Near Literary Abortions – Books and writers that almost were not published

Publishers and literary agents do not always know better. Here are some books / writers that almost did not become published:

“Not only does this bog down in the middle, but the author tends to stay too long with non essentials. He seems to have little idea of pace, and is enchanted with his words, his tough style, and that puts me off badly.” Re: The Ipcress File, by Len Deighton.

“Things improve a bit with the rebuilding of the village but then go to hell in a hack at the end. Perhaps there is a public that can take all this with a straight face but I’m not one of them.” Re: Welcome to Hard Times, by E.L. Doctorow

“It does not seem to us that you have been wholly successful in working out an admittedly promissing idea.” Re: Lord of the Flies, by William Golding.

“A duller story I have never read. It wanders a deep mire of affected writing and gets nowhere, tells no tale, stirs no emotion but weariness.” Re: In the Cage, by Henry James.

The novel is “… rather discursive and the point of view is not an attractive one.” Re: A Portrait of the Artist as a Young Man, by James Joyce.

“I’m sorry, Mr. Kipling, but you just don’t know how to use the English language.” Re: Untitled work by Rudyard Kipling.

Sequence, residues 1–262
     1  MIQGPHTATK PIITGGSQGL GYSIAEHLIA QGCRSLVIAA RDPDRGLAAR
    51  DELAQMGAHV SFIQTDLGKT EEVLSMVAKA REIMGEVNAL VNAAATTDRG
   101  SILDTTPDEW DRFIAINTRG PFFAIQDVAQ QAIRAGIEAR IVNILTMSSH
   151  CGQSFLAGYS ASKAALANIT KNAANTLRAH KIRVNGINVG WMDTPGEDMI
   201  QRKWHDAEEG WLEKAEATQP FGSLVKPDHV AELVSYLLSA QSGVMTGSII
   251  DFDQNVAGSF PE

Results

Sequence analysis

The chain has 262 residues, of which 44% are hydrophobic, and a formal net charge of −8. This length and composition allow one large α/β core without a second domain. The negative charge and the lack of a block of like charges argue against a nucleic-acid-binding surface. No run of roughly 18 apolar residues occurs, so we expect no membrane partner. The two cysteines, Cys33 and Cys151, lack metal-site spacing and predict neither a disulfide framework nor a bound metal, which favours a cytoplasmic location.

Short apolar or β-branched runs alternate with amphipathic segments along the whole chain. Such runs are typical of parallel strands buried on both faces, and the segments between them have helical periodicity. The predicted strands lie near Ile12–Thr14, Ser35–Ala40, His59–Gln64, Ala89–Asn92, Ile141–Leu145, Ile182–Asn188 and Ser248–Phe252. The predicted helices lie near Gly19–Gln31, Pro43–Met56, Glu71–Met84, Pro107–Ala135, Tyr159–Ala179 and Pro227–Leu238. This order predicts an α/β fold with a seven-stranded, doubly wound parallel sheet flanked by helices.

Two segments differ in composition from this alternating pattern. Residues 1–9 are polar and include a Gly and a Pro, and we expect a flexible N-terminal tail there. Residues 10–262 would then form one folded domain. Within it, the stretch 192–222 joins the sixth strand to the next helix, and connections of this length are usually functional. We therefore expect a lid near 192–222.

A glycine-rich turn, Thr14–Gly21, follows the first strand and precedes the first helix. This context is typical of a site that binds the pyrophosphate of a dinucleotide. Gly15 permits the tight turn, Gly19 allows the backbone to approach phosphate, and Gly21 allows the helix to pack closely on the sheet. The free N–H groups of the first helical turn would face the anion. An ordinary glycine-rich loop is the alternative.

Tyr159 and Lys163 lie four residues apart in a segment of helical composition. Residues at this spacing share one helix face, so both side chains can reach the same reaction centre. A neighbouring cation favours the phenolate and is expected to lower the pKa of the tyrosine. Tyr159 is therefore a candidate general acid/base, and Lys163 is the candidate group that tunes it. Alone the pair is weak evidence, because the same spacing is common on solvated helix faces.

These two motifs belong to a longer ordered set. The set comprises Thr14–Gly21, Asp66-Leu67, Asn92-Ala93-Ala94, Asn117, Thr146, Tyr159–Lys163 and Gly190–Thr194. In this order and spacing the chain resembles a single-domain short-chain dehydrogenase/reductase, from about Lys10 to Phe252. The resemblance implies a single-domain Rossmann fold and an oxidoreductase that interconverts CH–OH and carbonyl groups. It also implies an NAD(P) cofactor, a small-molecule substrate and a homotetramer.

“You’re welcome to le Carre – he hasn’t got any future.” Re: The Spy Who Came in From the Cold, by John le Carre.

“… superficial and unconvincing. I do not see this book as a very well told story on any level.” Re: The Assistant, by Bernard Malamud.

“It is impossible to sell animal stories in the U.S.A.” Re: Animal Farm, by George Orwell.

“A long, dull novel about an artist.” Re: Lust for Life, by Irving Stone.

“It is not interesting enough for the general reader and not thorough enough for the scientific reader.” Re: The Time Machine, by H.G. Wells.

“It contain unpleasant elements.” Re: The Picture of Dorian Gray, by Oscar Wilde.

Frederic Forsyths The Day of the Jackal was rejected by nearly 50 publishers.

Agatha Christie’s The Mysterious Affair at Styles was rejected by six publishers.

Tom Clancy’s The Hunt for Red October was rejected by over two dozen publishers.

Jack King’s The Fifth Internationale was rejected almost 500 times.

John Grisham’s A Time to Kill was turned down by 28 publishers.

Robert Pirsig’s Zen and the Art of Motorcycle Maintenance was rejected 121 times.

Margaret Mitchell’s Gone with the Wind was rejected 38 times.

The list goes on… As George Bernard Shaw said: “I object to publishers: the one service they have done me is to teach me to do without them. They combine commercial rascality with artistic touchiness and pettishness, without being either good business men or fine judges of literature. All that is necessary in the production of a book is an author and a bookseller, without the intermediate parasite.”

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